Last week, yet another North American governmental body announced that it would begin fighting for funds to build a high-speed rail line. This time, Alberta stepped up to the plate, arguing that a fast train link between Calgary and Edmonton, with a stop along the way in Red Deer, would be a appropriate corridor for investment. This is the second serious Canadian effort for high-speed rail, behind the more prominent Windsor-Québec City effort, which would connect Toronto and Montréal, the country’s two largest metropolitan areas.
Calgary and Edmonton are 180 miles apart, putting them about three hours of one another by car. As a result, more than ninety percent of the travel between the cities is done by road, with only a small portion of people choosing to fly between them. Via Rail Canada serves Edmonton along its nationwide east-west route, but it offers no north-south connection to Calgary.
The study, completed by a consulting firm for the provincial government, compared four types of rail investment — 125 mph diesel service (2 hour trip), 150 mph “jet train” operations, 200 mph electric travel, and 300 mph maglev service (1 hour trip). Unexpectedly, the report showed that economic benefits would improve as train speeds increased, and that ridership would similarly go up, reaching between 2 and 10 million annual riders by 2050, depending on the speed of the trains. The study found that 200 mph trains would be the most effective system for implementation; the project would cost around C$10 billion to construct. Other options would cost between C$3 and C$20 to complete.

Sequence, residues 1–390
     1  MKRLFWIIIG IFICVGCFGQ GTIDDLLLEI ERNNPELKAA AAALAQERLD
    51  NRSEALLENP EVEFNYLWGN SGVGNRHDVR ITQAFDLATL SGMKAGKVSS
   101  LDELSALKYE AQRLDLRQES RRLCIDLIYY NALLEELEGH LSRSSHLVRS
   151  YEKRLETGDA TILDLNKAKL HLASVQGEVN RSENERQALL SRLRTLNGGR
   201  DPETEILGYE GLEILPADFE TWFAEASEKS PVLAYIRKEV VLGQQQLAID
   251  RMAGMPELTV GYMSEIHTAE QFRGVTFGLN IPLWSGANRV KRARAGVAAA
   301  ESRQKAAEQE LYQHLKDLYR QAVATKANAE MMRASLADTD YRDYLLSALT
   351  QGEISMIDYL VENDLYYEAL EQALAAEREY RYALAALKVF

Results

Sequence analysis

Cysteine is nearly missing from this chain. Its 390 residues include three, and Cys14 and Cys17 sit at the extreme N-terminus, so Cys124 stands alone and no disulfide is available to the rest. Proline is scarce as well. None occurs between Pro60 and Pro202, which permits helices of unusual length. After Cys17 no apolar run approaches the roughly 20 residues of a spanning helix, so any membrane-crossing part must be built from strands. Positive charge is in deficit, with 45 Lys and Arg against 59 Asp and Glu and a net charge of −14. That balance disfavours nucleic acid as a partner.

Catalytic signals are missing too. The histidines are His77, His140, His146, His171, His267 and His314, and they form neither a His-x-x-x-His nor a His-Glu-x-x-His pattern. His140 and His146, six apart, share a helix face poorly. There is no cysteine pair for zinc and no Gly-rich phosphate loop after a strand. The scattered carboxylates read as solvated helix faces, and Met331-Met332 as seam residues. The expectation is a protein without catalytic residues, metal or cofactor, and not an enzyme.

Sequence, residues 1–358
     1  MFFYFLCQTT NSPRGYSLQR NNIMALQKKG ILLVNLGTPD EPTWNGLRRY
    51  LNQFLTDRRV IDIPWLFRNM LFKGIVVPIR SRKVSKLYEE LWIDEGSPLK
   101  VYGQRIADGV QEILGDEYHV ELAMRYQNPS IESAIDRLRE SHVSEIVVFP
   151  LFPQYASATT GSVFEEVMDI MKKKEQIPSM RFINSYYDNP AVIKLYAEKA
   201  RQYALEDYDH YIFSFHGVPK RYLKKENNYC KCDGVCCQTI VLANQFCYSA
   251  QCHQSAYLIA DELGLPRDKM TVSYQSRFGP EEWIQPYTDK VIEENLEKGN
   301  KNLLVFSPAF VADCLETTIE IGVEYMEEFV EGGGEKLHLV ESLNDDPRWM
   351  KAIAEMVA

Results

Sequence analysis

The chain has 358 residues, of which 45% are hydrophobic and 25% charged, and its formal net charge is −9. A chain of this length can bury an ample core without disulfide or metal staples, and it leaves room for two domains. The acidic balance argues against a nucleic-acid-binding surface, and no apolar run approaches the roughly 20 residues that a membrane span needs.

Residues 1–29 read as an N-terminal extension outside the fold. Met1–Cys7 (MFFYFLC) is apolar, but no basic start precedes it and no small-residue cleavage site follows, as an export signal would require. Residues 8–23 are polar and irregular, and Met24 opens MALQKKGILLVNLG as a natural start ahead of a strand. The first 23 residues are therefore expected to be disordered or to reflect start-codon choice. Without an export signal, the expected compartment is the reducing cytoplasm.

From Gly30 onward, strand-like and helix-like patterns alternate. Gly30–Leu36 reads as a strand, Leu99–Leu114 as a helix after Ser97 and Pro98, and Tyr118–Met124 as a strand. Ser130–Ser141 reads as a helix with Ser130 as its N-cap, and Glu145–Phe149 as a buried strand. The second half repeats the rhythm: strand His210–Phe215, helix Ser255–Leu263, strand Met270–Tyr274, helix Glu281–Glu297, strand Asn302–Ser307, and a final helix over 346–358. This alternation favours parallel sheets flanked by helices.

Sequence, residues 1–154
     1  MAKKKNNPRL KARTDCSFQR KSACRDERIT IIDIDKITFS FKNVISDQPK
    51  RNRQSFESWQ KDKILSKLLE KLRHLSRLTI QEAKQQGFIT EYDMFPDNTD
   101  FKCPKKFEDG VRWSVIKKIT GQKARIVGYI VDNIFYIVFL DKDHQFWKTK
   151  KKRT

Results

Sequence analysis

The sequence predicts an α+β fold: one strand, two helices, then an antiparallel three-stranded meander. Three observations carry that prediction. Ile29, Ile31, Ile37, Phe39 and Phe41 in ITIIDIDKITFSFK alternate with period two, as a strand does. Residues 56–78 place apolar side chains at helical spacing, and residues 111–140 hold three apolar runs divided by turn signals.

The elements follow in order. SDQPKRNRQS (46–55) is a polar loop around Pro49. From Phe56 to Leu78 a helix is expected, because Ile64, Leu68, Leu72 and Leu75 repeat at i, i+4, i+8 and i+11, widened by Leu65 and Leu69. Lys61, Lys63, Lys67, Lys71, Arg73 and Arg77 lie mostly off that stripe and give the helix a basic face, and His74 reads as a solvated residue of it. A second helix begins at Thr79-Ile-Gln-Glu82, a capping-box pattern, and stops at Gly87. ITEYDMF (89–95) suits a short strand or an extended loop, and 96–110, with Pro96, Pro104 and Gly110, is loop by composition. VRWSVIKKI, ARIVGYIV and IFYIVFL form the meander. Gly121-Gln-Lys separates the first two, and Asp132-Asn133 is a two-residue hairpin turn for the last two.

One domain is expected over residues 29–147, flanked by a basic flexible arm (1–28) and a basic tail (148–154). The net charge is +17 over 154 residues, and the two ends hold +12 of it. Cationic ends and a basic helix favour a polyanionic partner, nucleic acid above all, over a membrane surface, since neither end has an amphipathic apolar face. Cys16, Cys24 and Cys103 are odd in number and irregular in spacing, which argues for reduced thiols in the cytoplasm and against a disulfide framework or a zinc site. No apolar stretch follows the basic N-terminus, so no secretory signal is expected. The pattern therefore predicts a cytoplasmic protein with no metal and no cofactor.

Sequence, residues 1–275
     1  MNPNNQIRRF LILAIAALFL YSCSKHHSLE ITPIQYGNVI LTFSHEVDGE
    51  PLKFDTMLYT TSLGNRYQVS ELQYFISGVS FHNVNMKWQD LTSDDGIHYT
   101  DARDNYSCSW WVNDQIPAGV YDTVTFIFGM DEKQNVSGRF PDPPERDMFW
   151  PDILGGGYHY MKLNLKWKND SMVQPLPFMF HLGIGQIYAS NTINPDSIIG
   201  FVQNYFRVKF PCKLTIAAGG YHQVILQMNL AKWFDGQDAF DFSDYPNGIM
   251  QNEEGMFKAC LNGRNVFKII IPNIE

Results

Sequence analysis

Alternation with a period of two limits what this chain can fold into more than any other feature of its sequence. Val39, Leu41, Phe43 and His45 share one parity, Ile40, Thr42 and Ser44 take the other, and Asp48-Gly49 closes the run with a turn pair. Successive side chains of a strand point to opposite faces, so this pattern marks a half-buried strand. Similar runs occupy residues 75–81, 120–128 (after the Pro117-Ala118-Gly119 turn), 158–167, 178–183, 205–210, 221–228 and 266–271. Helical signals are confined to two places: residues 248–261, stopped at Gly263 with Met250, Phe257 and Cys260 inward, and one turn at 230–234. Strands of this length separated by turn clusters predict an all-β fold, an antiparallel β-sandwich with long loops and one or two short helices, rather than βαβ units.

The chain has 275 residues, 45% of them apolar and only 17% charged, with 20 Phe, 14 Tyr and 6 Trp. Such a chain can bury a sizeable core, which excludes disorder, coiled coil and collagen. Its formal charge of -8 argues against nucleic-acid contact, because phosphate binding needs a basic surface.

Calgary and Edmonton are close enough to one another that high-speed rail service between the cities would be competing more with car drivers than airplane riders; this could make attracting market share more difficult than along longer distance routes of between 300 and 600 miles, which are a stretch for most drivers. But the question the government should have in considering whether to invest in this line is whether it expects people to choose rail over driving, and whether ticket prices will be low enough to make that option feasible. If estimates show that rail — with its lower trip times and stress-free commutes — will attract many of those people out of their cars, than this corridor would be worth constructing.
Image above: Alberta high-speed rail plan, from Government of Alberta
* Note: this piece was auto-posted; the transport politic will be back in normal operation on Thursday the 23rd.